John Hickenlooper

Jim Hill / KUNC

Gov. John Hickenlooper announced Wednesday that the state will prioritize connecting and building 16 hiking and biking trails in all parts of Colorado. The goal is to connect and build missing trail segments to make it easier for people to access open space and parks.

It's part of the governor's Colorado the Beautiful initiative, unveiled in 2015.

Bente Birkeland / RMCR

Gov. John Hickenlooper delivered his sixth State of the State address to the state Legislature Thursday. In his speech he highlighted the need for people from all political stripes to work together to fix the state's big budget problems and discussed Colorado's economic gains and challenges.

"We're one of the top states for economic growth," Hickenlooper said. "One of the best places for business and careers, for quality of life, for health and tourism."

Colorado Channel 165

Text of Gov. John Hickenlooper's 2016 State of the State address, as prepared and delivered, Jan. 14, 2016.

State of Colorado

Gov. John Hickenlooper announced Monday that Colorado would accept Syrian refugees. President Barack Obama said the U.S. would receive at least 10,000 Syrian refugees within the next year, but a growing list of Republican governors pledged to block refugees from relocating to their states.

"We can protect our security and provide a place where the world's most vulnerable can rebuild their lives," said Hickenlooper in a statement.

Dan Boyce / Inside Energy

The goal of Gov. John Hickenlooper's Oil and Gas Task Force was to address the duel concerns that drilling operations are too close to homes and that local governments don't have enough say in the process. The state's regulatory body, the Colorado Oil and Gas Conservation Commission, is now considering new rules, which were born from the task force's work, looking at giving local governments more input when it comes to energy development.

As the COGCC settles in for two November public hearings on the draft proposals, critics charge that the original task force failed in their mission.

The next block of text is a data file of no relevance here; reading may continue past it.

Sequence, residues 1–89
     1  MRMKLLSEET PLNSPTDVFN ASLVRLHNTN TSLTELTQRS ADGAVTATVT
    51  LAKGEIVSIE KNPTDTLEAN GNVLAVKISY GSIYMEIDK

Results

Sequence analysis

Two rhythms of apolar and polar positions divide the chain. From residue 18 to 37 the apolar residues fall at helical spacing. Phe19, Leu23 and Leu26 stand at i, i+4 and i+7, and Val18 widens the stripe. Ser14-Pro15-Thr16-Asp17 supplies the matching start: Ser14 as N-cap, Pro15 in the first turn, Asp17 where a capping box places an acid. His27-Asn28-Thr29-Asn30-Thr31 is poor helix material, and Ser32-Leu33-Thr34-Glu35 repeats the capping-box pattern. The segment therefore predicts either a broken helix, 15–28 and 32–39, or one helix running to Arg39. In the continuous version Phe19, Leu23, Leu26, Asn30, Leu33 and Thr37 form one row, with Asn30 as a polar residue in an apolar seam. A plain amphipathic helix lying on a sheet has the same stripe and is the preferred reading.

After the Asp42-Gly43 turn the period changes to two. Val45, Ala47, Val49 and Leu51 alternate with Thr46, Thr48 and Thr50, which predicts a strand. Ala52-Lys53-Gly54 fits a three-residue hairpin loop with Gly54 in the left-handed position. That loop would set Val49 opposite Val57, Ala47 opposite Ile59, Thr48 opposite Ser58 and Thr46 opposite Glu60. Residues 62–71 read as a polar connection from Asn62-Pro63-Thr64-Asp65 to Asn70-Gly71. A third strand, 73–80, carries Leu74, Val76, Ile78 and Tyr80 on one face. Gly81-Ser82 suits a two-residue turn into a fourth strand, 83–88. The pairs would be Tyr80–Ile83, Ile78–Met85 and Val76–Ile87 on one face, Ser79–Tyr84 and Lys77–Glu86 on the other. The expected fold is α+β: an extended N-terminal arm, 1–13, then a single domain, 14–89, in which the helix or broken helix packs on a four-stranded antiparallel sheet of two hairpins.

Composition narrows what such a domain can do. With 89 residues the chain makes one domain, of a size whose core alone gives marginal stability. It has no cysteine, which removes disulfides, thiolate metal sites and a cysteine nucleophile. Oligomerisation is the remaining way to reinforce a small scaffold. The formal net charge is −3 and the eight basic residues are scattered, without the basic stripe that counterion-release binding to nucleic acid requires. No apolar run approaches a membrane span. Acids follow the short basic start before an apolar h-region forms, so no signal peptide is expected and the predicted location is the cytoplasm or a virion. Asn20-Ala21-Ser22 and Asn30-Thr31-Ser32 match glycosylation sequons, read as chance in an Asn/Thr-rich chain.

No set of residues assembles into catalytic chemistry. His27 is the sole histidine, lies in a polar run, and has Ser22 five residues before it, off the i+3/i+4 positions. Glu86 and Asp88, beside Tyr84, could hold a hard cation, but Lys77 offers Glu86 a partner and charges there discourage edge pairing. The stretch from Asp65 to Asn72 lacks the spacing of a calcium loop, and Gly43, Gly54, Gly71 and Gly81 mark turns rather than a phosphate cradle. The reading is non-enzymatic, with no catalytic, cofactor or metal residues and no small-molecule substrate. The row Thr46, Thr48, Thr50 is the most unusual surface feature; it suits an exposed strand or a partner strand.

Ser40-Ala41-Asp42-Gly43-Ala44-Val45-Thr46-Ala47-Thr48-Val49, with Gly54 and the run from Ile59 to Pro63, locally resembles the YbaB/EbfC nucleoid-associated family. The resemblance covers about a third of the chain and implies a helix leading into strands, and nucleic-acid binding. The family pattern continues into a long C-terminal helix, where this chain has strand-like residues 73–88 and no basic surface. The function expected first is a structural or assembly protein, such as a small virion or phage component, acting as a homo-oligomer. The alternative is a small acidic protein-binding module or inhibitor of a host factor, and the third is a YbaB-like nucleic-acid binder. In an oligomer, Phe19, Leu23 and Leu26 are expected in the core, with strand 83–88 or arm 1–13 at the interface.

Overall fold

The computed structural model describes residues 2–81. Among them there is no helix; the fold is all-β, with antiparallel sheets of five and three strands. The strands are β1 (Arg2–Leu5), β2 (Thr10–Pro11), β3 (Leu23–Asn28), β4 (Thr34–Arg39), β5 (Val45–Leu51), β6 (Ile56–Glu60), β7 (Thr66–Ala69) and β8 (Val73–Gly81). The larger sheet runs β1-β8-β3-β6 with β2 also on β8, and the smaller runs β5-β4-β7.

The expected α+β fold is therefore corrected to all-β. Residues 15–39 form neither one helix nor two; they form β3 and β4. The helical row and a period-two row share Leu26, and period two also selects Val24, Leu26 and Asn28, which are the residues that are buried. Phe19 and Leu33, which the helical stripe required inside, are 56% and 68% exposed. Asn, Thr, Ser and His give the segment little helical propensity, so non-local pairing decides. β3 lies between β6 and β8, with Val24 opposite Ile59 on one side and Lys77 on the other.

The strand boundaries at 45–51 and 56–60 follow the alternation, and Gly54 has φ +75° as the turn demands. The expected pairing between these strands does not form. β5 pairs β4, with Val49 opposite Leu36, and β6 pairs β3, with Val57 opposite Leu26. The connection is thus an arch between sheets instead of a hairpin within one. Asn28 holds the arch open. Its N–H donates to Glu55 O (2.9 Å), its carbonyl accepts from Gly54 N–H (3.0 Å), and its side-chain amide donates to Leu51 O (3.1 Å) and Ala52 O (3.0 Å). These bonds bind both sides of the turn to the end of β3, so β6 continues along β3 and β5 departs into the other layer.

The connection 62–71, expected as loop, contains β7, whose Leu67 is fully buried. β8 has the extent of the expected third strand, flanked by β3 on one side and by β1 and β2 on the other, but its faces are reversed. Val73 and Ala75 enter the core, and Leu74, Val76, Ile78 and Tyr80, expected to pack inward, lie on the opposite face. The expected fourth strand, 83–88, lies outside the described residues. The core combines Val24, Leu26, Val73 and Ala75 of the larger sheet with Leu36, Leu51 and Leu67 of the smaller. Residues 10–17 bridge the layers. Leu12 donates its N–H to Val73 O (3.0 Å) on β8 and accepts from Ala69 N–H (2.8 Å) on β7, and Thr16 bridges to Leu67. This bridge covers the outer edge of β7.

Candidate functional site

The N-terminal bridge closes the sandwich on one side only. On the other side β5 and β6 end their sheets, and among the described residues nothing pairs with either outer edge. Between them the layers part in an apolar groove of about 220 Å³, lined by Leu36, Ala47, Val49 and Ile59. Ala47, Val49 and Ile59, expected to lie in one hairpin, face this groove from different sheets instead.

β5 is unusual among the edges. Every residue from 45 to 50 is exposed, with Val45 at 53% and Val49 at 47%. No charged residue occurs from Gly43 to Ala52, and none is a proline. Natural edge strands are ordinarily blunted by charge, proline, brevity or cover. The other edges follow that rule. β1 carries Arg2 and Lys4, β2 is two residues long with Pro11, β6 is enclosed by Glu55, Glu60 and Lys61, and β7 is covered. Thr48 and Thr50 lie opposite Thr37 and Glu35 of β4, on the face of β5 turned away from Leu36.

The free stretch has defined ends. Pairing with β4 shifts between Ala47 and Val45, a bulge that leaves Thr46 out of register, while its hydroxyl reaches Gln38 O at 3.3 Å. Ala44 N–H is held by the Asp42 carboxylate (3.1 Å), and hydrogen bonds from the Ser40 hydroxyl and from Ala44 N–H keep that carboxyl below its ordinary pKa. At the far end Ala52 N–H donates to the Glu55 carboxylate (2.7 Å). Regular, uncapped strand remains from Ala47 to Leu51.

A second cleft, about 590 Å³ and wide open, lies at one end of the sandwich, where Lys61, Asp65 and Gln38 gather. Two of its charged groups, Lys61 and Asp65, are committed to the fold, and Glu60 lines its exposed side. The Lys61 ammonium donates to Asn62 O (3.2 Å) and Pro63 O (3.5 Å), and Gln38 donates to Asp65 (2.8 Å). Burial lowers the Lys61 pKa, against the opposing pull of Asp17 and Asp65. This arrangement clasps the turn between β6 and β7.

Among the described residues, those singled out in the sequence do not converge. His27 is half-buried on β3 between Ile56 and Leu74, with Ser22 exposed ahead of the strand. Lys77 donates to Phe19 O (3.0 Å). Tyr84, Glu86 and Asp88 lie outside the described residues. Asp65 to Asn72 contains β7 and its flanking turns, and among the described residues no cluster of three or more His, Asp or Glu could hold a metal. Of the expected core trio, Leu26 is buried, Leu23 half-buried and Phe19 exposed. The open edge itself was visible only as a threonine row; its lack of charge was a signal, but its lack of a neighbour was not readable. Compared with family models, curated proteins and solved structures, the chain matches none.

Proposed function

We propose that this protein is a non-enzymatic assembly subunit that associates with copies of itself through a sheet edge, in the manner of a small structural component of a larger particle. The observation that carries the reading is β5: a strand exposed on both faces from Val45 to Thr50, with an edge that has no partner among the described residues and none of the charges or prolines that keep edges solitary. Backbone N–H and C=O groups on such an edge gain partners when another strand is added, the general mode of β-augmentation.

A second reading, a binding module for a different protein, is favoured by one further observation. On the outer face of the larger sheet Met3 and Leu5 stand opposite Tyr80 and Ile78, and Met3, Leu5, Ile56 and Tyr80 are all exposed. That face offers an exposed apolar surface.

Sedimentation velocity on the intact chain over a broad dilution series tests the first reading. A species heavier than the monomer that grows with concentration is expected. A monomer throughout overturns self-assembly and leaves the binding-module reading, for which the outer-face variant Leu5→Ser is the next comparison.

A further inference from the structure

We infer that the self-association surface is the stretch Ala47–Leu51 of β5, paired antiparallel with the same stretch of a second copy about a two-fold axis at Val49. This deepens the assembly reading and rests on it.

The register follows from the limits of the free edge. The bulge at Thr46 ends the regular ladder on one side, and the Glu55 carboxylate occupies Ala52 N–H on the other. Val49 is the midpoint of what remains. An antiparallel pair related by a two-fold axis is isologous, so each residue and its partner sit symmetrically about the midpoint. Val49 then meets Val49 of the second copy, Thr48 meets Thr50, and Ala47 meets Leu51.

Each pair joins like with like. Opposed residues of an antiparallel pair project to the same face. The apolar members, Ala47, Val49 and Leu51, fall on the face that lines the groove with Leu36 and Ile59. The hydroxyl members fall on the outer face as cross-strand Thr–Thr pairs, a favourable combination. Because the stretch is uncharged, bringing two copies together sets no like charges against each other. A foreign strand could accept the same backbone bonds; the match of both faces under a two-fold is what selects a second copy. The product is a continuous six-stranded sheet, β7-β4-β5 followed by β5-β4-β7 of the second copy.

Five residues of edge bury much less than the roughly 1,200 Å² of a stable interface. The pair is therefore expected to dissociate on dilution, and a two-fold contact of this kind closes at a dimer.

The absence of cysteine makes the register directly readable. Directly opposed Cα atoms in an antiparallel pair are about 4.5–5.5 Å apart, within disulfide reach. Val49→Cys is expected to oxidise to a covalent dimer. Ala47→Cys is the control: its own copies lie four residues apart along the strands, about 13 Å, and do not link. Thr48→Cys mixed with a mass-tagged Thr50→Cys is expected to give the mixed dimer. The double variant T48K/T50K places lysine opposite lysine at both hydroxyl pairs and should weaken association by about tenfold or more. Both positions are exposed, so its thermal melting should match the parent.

Bente Birkeland / RMCR

After five years on the job, Colorado's Lt. Gov. Joe Garcia announced that he is stepping down from the position and as head of the Colorado Department of Higher Education. Garcia will leave his dual-role to helm a higher education policy group for the western U.S., the Western Interstate Commission for Higher Education.

courtesy state of Colorado/Office of the Attorney General

More than two dozen states, including Wyoming and North Dakota have sued to stop the Obama administration's Clean Power Plan. Eighteen states, the District of Columbia and six communities have jumped into the case on the opposite side, in defense of the plan.

Right in the middle, you have Colorado, where this regulatory tug-of-war over the Clean Power Plan is pulling on two of the state's top elected officials, Democratic Gov. John Hickenlooper and Republican Attorney General Cynthia Coffman.

Bente Birkeland / RMCR

Local tax and spending issues, as well as city council and mayoral races largely dominate Colorado's 2015 election. There is only one statewide question, which asks voters whether the state can keep marijuana tax money it's already collected to pay for school construction, law enforcement and other programs.

If that's a question that sounds familiar – that's because it is. Proposition BB will actually be the third time Colorado voters have weighed in on taxing marijuana.

Bente Birkeland / RMCR

Colorado is well-known for its outdoor recreation, but Gov. John Hickenlooper wants to take it to the next level - by making it even easier for people to access open space and parks. In addition to a previously unveiled Colorado the Beautiful Initiative, the governor has also pledged $100 million to create and connect bike trails.

"The ultimate goal is connecting everyone from Denver to the foothills and mountains to the west," said Tom Hoby, Jefferson County's director of open space and parks.

Bente Birkeland / RMCR

The U.S. Department of Interior decided Tuesday that the greater sage grouse does not need protection under the Endangered Species Act. The bird spans 11 western states including Colorado, where it lives in pockets along the western slope, but is mostly concentrated in the northwest part of the state.

Gov. John Hickenlooper was one of the many people working to avoid a federal listing for the bird. While the sage grouse decision is a win for the governor, a few other initiatives – and longtime battles in Colorado – still need his attention.

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